There’s a lot of changes going on with Visions of Hope, a Farmington-based program that raises awareness and funds — as well as offers training and other assistance — for people on the autism spectrum.
The most noticeable change for the 4-year-old charitable organization is its new name — Hope 4 Autism. What isn’t changing is the leadership of co-founders Jessica Harmon and Luann Honerkamp, its executive director.
How Visions of Hope came to exist is an inspirational story that makes it clear that to Harmon and Honerkamp, it’s all a “God thing.”
“I have two sons, Garrett and Morgan, who are on the autism spectrum,” Harmon said. “Luann is their godmother and my best friend. It’s funny how God orchestrates people into your life. Luann had read an article about a young girl aging out of high school that had autism. Her parents couldn’t find anything — any kind of support — anything for her to do.
“Luann asked me, ‘What are we going to do about Garrett and Morgan?’ From that day on it was just lots of research and going to meet people who had different social enterprises. Then we did business classes, and then we did social entrepreneur classes at Washington University where we competed in their social entrepreneur contests.
“We learned so much and met so many people. We don’t have a business background, so God provided everything we needed, all the people we needed, and continues to do that. We would not have met all the people who have helped us get this far if it wasn’t for all those opportunities. We just keep praying for more likeminded individuals — parents, teachers, anybody — that cares about this mission and wants to come along beside us to help us branch out into these different areas.”
So why the name-change to Hope 4 Autism?
“We have so many different programs here,” Harmon said. “We have the Visions of Hope Vocational Training Program; Dress 2 Impress Resale, along with a free interview attire program; the Cleaning Crew; Autos 4 Autism; and Toys 4 Hope, which is a toy store within Dress 2 Impress.
“We see God continuing to develop us and branching out and growing more programs in the future as he brings others along to help us, but it gets confusing because there are so many things that we offer. So, we wanted to house all of our programs under one name. We also wanted to create a website that would house all of that.”
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Harmon stressed that Hope 4 Autism has always been and will always be a faith-based ministry.
“It’s all his!” she said. “He invited us into it — it wasn’t any of our dream at all. It’s just pretty amazing what he’s done and what he continues to do and how he continues to sustain and grow and touch so many people in our community and beyond — throughout the United States and different spots, as well.”
Speaking of the autism organization’s new name, Honerkamp said, “I just think it’s going to help people understand that when they come to shop at Dress 2 Impress that they’re not only coming in here and getting a good buy, but the money they spend here is also going to support other opportunities that we have for people whether they’re on the autism spectrum of whether they need interview attire.
“It will be able to help people understand and help things be more cohesive, so people understand that when they give to one thing, they’re also helping another thing. We want people to understand that they’re shopping with a cause or they may want to support autism, but they don’t know about Dress 2 Impress or that we’ve been here for four years. We still see people come here to shop that don’t know that that’s what we do.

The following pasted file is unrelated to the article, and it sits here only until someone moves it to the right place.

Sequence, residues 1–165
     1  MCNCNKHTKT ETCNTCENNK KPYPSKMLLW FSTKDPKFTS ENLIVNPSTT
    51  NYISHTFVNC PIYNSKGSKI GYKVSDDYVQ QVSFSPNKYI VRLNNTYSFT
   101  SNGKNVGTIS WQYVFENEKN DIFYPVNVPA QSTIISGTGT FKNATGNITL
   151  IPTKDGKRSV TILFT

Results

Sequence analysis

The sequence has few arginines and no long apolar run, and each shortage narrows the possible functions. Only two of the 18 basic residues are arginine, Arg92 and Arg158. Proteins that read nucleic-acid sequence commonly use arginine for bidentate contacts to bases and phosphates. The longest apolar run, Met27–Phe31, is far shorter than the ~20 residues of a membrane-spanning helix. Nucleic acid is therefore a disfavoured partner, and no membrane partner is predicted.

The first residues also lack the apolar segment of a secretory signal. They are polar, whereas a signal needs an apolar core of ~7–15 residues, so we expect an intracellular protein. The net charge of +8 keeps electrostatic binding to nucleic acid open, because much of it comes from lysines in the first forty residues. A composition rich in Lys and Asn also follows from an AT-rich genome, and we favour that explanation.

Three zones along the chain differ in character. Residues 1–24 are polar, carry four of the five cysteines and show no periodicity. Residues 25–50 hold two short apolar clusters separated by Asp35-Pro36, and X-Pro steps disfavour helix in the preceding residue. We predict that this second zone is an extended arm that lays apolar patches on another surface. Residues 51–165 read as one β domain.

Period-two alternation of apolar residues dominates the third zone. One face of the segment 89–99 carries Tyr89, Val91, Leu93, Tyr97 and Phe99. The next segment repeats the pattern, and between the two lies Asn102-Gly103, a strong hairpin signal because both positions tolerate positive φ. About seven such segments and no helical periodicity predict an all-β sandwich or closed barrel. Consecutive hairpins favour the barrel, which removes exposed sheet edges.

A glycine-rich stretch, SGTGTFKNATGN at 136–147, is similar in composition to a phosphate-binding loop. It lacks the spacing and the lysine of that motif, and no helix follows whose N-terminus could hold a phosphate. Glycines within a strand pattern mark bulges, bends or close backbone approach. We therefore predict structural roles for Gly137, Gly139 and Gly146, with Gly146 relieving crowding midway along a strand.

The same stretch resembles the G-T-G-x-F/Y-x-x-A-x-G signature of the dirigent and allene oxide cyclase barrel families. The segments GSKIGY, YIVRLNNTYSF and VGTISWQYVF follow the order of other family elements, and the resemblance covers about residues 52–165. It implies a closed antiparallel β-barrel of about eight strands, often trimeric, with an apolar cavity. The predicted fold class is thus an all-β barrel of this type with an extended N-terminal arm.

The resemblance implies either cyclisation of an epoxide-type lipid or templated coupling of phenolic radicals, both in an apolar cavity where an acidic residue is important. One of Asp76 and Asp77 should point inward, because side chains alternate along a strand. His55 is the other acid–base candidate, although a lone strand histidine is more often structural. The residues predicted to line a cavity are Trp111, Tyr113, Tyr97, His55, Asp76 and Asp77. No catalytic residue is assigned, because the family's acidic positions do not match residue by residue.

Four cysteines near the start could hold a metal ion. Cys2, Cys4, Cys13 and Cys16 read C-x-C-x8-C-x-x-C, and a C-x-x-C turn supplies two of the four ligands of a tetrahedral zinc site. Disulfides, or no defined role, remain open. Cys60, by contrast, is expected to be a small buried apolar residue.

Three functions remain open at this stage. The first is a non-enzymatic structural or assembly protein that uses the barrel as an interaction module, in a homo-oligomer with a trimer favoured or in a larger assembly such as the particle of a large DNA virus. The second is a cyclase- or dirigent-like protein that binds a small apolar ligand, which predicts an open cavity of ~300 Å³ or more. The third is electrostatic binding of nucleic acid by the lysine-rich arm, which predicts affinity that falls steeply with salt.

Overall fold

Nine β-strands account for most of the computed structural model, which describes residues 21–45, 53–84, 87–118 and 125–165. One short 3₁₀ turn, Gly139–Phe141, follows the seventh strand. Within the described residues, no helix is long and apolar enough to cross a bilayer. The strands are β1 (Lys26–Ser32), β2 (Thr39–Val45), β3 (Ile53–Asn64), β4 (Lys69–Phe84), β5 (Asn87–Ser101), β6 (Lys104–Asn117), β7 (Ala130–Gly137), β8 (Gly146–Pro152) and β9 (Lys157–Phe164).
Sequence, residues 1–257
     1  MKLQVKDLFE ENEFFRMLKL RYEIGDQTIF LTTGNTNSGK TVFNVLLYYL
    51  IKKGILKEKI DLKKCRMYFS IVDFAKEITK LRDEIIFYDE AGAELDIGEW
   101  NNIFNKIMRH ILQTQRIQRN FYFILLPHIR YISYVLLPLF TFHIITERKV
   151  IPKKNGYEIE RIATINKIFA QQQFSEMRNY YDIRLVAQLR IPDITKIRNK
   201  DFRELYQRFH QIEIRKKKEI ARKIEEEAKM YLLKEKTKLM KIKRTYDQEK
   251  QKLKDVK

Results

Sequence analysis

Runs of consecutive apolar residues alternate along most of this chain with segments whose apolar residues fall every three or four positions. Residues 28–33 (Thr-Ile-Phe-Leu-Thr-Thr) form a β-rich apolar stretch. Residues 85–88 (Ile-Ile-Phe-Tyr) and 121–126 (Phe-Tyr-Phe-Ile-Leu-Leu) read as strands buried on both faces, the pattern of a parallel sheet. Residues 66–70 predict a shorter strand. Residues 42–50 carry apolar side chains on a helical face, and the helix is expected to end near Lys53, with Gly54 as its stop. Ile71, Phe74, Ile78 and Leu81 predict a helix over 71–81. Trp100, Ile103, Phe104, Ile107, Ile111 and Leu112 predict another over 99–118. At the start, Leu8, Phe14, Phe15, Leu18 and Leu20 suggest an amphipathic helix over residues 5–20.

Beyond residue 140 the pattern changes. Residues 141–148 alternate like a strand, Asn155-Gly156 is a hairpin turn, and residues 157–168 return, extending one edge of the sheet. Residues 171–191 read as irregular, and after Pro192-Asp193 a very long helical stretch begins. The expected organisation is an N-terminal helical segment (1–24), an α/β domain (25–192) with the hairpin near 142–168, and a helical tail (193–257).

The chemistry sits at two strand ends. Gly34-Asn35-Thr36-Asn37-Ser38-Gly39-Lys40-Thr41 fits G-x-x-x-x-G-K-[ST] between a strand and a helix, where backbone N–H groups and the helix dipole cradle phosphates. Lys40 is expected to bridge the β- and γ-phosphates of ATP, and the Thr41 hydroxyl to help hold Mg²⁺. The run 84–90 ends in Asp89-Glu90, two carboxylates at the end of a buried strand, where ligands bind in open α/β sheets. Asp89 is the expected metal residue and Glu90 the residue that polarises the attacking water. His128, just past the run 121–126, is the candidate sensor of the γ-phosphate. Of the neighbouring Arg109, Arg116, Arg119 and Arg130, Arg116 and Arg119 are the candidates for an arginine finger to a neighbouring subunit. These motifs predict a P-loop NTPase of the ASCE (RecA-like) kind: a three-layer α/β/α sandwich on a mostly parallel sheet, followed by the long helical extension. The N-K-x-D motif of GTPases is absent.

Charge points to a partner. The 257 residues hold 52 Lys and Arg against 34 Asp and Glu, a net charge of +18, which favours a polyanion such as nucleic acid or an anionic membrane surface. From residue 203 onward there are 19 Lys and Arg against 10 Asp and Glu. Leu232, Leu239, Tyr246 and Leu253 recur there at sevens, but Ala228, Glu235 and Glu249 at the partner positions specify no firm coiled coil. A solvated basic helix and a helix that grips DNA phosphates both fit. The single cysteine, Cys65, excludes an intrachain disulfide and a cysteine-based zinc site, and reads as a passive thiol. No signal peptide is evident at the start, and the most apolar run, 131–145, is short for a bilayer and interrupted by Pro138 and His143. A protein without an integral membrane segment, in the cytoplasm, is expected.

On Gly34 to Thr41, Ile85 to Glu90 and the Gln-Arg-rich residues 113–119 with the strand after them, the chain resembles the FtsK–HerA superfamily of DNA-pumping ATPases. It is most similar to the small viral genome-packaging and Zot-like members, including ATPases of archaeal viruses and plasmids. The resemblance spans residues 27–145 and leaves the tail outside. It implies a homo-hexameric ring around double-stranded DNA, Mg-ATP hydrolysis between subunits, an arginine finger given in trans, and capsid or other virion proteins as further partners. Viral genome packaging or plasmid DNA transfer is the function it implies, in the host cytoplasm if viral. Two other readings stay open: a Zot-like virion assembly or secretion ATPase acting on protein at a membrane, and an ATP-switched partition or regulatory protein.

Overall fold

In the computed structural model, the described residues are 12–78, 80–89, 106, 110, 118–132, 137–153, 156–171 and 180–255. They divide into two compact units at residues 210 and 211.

“For nearly four years we have touched thousands of lives in our community by providing services that were lacking or simply nonexistent. We have served nearly 40 interns through our vocational and social skills training program specifically geared to meet the unique needs of individuals with autism.
We have had over 15,000 customers come through the doors of Dress 2 Impress Resale and have provided over 650 free interview and/or work outfits. We have also made a significant impact on providing opportunities for people to repurpose gently used clothing for men and women and hired three graduated interns through the Cleaning Crew.”
Honerkamp is especially thankful for the people of the Parkland who have supported the Visions of Hope program since its very start.
“It would not be possible without the amazing support from our wonderful community through shopping at Dress 2 Impress, attending our events, sponsorships and intern scholarships,” she said. “We are truly fortunate to live and work in such a giving community.
“The new branding represents change. Hope 4 Autism is changing because the world around is changing. Our organization is determined to go the extra mile to meet the needs of those in our community to the best of our ability. God has blessed us so that we can in turn be a blessing to others.”
Asked if there will be additional ministries added under the Hope 4 Autism umbrella in the years ahead, Honerkamp said, “We definitely hope so! We already have other things in the works. We don’t know when those will happen, but God has just provided us with so many opportunities that to reach other needs that we hadn’t really thought about — as the money comes and the volunteers come and as the opportunities come for us to branch out — then we’ll continue to grow.”
For more information about the organization, go to www.hope4autism.org.
Kevin R. Jenkins is the managing editor of the Farmington Press and can be reached at 573-756-8927 or email@example.com
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